04/10/09 — OUTDOORS - Bill 918 set to designate coastal game fish

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OUTDOORS - Bill 918 set to designate coastal game fish

By Ryan Hanchett
Published in Sports on April 10, 2009 1:46 PM

RALEIGH -- Two popular fish species along the North Carolina coast may be granted a reprieve from commercial fishing thanks to a new bill filed in the state House of Representatives this week.

Bill H918, entitled "Designation of Coastal Game Fish," was brought before the house by Rep. Paul Luebke (Durham) and Rep. Carolyn Justice (New Hanover). The bill is designed to end any sales of Red Drum or Speckled Sea Trout.

Avid coastal angler and Goldsboro native Ray Brown believes that fishermen interested in the management of the Red Drum and Speckled Trout fisheries should be aware of the current legislation.

"I encourage people to read the bill itself and draw their own conclusions," said Brown. "My personal opinion is that this bill is a good thing for two of our state's most-popular recreational species."

A full copy of the bill is available for review via the General Assembly's Web site.

The bill would make hook and line the only legal means of catching a Red Drum or Speckled Trout, and thus would remove gill nets as part of the Marine Fisheries Commission's conservation plan.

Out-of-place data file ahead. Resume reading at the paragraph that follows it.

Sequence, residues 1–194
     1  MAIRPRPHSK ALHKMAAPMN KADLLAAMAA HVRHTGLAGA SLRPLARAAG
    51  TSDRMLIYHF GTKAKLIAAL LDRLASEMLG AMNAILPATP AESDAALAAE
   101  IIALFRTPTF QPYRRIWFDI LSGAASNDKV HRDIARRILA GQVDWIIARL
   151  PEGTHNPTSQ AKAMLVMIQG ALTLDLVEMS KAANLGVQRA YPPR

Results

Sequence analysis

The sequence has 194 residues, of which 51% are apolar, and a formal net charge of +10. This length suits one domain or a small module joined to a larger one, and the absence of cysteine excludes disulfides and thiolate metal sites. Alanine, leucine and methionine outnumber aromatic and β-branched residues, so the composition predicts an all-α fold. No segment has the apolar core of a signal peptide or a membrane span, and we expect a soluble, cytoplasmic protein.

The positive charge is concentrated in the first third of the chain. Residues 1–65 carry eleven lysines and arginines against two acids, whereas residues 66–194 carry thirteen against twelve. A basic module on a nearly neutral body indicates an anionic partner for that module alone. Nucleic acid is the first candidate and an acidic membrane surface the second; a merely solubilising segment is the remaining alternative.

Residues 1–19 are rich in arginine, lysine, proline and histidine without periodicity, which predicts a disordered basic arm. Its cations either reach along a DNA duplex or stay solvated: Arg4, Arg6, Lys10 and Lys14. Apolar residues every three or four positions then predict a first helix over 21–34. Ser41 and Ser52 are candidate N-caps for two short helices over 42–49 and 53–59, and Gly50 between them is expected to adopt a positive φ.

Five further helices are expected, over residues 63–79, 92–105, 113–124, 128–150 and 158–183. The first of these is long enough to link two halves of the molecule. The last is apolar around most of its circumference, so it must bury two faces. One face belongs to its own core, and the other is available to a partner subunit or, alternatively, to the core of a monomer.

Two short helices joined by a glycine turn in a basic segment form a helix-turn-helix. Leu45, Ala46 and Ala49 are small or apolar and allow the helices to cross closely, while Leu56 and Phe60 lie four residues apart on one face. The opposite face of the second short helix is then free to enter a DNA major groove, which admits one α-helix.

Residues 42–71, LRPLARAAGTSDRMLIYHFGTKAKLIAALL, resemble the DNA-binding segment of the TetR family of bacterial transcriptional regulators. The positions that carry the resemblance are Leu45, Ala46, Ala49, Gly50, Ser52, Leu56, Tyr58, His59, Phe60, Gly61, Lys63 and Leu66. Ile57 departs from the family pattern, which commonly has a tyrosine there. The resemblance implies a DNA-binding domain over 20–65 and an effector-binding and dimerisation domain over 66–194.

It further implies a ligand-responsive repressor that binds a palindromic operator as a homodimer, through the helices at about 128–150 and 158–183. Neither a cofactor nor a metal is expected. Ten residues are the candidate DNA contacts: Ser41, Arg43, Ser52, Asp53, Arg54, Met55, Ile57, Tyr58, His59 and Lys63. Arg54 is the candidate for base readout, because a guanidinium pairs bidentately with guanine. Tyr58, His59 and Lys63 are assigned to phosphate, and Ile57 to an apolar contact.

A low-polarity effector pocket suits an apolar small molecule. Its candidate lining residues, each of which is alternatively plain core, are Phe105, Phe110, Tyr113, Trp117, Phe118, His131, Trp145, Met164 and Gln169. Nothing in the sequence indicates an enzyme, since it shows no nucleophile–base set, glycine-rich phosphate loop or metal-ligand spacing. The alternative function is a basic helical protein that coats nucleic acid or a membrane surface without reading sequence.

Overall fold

The Commission would be charged with the task of adopting any necessary rules to implement the bill. Also, the Commission would be responsible for making payments to commercial fishermen who's business practices are hurt by the legislation.

Commercial fishermen will be paid the average of their Speckled Trout and Red Drum sales over the last three years each summer until 2012. Additional compensation will be awarded in 2010 for the gear cost associated with the bill.

Money for those commercial payments will be taken out of the North Carolina Marine Resources Fund.

For several years, the Tar Heel state has provided a disproportionate amount of Red Drum sold commercially in the United States. In 2007, exactly 273,452 pounds of Red Drum were sold nation wide. Nearly 250,000 pounds came from North Carolina waters.

Approximately half of all (wild-caught) Speckled Trout sales are the result of catches by Tar Heel fishermen. The reason for the large discrepancy is due to several gulf coast states such as Texas, Alabama and Florida closing of the species commercial status.

"Other warm-weather states already have similar regulations regarding these two fish," said Brown. "Through research, those states decided the most profitable way to manage the Red Drum and the Speckled Trout was as recreational fish."

The Coastal Conservation Association is one of several organizations supporting the bill. According to CCA statistics, Red Drum and Speckled Trout account for one percent of North Carolina's total commercial fishery.

Anglers in the News-Argus readership area can contact their local legislators to support or oppose the bill. Efton Sager can be reached at (919) 733-5755 or via email at Efton.Sager@ncleg.net. Van Braxton can be contacted by telephone at (919) 715-3017 or by email at Van.Braxton@ncleg.net. Larry Bell can be reached at (919) 733-5863 or by email at Larry.Bell@ncleg.net.